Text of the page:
NHL To Skip 2018 Olympics
Although just about everything that can be said about the NHL’s announcement this week has been said, there are some aspects I want to weigh in on. The first is going to surprise those of you who are familiar with my antipathy towards Gary Bettman.
Not only do I think he made the right business decision; I was very impressed by his performance on Sportsnet last Tuesday. In a long interview, Bettman cogently made a compelling case for skipping South Korea. And, for the first time in my experience, he spoke without his trademark condescending, sneering, smarminess.
During the interview Bettman dropped the bombshell that, although NHL Olympic participation was provided for in the previous collective bargaining agreement between the NHL and the players’ association, the current agreement, signed in January, 2013, contains no such provision. NHLPA executive director Don Fehr is clearly wearing goat horns for this astonishingly damaging omission.
Another interesting acknowledgement from Bettman was that he would be in favour of hockey, like basketball, being a Summer Olympics sport, which would likely satisfy most of the owners’ objections to Olympics participation.
Even though I agree with the NHL’s decision from a business standpoint, some way has to found to accommodate players who passionately want to represent their countries. Because Fehr’s astounding blunder has left them with no legal recourse, this is going to turn into an ungodly mess.
I’ve had countless discussions about this situation over the last few days, and one point that has consistently arisen is that the Canadian junior leagues don’t suspend their schedules when players go to the world junior championships. Well, there are two big differences between the NHL and the juniors. First, the NHL has 31 teams while the three major junior leagues that send players (WHL, OHL, and QJMHL) have 60, so the impact on the NHL is double that on the juniors. Secondly, the Olympics are in February, which is after football is finished and before baseball starts. This is when the American teams, constituting almost 80% of the NHL, sell the most tickets; and hockey is the sport most dependent on ticket sales for revenue.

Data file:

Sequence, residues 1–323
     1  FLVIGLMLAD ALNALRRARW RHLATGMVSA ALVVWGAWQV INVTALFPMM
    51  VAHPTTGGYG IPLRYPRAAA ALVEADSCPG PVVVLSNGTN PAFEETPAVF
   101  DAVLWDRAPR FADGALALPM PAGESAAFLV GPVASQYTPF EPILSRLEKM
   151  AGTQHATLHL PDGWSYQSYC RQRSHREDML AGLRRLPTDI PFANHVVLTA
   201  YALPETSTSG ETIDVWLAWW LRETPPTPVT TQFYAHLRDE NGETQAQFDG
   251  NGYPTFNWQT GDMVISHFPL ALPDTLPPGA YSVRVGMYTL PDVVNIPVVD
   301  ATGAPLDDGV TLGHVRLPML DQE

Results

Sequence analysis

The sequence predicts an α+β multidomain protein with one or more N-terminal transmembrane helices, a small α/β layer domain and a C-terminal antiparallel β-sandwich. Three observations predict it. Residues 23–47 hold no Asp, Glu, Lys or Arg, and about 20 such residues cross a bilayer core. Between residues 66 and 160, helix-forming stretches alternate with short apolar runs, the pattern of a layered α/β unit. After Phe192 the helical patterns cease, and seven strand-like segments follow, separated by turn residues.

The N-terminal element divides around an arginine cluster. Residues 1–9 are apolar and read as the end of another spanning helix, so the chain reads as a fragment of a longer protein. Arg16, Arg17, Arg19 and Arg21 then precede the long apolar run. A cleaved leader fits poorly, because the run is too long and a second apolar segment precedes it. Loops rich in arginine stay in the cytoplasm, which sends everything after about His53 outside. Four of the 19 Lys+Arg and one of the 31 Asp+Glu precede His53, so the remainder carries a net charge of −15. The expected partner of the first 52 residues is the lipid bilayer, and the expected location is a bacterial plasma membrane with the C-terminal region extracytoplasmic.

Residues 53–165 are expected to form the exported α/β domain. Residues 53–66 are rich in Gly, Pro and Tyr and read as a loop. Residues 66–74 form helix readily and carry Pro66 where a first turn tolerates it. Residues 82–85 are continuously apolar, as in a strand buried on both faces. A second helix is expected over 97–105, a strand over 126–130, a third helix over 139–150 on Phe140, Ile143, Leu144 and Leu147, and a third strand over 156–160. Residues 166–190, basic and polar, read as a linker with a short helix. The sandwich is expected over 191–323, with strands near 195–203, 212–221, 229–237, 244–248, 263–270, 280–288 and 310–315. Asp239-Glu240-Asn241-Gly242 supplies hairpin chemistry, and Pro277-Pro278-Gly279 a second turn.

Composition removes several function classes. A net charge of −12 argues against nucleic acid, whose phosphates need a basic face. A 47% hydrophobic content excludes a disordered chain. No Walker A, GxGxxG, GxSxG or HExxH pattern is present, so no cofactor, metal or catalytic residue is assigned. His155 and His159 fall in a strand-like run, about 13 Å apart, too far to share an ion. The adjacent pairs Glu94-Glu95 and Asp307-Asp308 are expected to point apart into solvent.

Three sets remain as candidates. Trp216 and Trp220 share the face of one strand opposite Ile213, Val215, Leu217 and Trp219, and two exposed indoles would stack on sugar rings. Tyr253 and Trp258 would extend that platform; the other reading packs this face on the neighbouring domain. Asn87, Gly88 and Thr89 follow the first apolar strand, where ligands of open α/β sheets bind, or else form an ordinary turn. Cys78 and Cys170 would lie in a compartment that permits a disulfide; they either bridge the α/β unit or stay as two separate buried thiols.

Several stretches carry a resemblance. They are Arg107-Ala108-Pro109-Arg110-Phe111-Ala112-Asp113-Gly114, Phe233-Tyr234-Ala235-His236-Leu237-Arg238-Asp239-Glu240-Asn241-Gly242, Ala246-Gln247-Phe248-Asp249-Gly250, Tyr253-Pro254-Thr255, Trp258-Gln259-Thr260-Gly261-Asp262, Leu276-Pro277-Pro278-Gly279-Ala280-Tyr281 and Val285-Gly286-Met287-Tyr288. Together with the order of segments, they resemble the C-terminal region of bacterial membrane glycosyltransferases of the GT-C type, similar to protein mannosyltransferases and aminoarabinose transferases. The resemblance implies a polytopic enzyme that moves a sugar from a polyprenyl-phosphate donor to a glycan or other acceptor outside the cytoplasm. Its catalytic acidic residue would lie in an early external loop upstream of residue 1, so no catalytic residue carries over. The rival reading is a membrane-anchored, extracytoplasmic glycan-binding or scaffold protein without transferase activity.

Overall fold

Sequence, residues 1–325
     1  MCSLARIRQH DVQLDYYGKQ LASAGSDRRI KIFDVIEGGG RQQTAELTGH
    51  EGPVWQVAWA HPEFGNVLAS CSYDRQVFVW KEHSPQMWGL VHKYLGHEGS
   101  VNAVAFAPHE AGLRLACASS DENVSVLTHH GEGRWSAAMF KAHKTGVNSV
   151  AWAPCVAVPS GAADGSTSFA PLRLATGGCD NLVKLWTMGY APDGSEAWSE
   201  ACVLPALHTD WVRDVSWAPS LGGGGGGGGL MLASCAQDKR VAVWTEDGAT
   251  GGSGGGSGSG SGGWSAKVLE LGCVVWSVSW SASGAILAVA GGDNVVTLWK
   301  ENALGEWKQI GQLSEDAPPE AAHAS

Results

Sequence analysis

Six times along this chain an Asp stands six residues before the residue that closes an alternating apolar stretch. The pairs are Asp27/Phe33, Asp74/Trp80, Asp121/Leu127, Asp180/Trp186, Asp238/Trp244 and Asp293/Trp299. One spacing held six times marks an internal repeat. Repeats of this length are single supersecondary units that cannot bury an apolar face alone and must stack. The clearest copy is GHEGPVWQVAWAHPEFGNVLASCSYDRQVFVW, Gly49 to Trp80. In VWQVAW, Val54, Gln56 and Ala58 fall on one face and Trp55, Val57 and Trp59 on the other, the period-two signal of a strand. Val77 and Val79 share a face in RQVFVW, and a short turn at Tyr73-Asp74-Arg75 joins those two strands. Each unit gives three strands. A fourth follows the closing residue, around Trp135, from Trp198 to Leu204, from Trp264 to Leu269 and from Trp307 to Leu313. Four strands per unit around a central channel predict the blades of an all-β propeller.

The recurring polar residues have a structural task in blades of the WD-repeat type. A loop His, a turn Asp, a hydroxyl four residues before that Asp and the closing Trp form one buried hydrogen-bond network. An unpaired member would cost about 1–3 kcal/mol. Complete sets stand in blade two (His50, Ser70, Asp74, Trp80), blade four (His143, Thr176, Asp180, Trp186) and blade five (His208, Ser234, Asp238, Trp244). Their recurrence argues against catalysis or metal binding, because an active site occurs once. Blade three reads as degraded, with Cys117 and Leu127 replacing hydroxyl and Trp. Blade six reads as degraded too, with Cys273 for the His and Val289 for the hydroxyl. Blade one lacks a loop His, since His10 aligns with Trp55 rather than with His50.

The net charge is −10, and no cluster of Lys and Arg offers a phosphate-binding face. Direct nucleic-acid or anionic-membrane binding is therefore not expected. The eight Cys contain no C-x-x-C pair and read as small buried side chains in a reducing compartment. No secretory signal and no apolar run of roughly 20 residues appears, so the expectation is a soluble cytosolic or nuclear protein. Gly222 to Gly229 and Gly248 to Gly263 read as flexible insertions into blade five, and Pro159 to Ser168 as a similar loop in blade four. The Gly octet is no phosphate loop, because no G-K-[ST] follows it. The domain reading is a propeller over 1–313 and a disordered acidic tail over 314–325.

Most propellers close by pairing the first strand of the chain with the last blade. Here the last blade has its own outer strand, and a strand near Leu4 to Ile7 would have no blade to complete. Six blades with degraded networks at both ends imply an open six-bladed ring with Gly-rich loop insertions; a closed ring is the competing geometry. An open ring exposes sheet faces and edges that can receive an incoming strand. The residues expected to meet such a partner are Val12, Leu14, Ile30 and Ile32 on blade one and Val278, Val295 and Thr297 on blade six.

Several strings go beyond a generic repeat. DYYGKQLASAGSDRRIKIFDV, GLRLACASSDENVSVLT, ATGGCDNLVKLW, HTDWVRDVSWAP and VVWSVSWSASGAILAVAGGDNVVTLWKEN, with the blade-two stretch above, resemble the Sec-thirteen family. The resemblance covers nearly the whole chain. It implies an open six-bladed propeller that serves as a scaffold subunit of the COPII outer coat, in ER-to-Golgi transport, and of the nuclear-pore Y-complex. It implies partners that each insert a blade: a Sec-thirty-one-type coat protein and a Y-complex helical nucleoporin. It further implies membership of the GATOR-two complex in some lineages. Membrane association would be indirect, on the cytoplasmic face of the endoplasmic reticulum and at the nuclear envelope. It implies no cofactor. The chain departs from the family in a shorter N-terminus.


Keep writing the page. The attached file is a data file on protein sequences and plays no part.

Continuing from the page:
Right now I’m only certain about two things: this isn’t over; and it’s not going to be pretty.
Blue Jay Optimism
Even after their shaky start, I’m cautiously optimistic about the Blue Jays 2017 season; I think they’ll be at least as good as last year and might possibly improve their record.
Last year the starting pitchers won 66 and lost 42. They should do better this year, even if Happ doesn’t have another career year. His nightmarish start notwithstanding, a full year of Liriano has to be an improvement over R. A. Dickey; Stroman should have a winning rather than a losing record; and, Sanchez and Estrada combined will likely do at least as well as last year.
When Osuna returns next week, the bullpen is potentially better than it was at the beginning of last season. And if the need arises, bullpens are relatively easy to bolster during the season.
Although I mourn the departure of Edwin Encarnacion, the overall loss in production may be minimal, if any. Morales’ power is comparable to EE’s, he hits for a slightly higher average, and has the added advantage of being a switch-hitter.
Saltalamacchia, also a switch hitter (and with the longest name in MLB history), will be light years ahead of Josh Thole, both offensively and defensively. Despite his dismal start, Jose Bautista’s pride, coupled with the no doubt larger than ever chip on his shoulder, could result in a better year than 2016.
I wouldn’t be surprised if Pillar has an improved year at the plate, and a healthy Devon Travis will be a major plus.
My caution stems from the question marks in left field and first base; whether Travis, Bautista, and the starting rotation remain healthy; and, that all the other teams in the AL East may have similarly improved.
While On The Subject Of The Jays
As I was writing part of this yesterday morning, April 7th, I was looking out my window at a few centimeters of wet snow falling on the city of Toronto, which was exactly the situation forty years ago yesterday when the Blue Jays played their first game.
Although there are about a million people who claim they were there, Anne and I actually were; and I went on to attend sixty-one more Blue Jay games that season.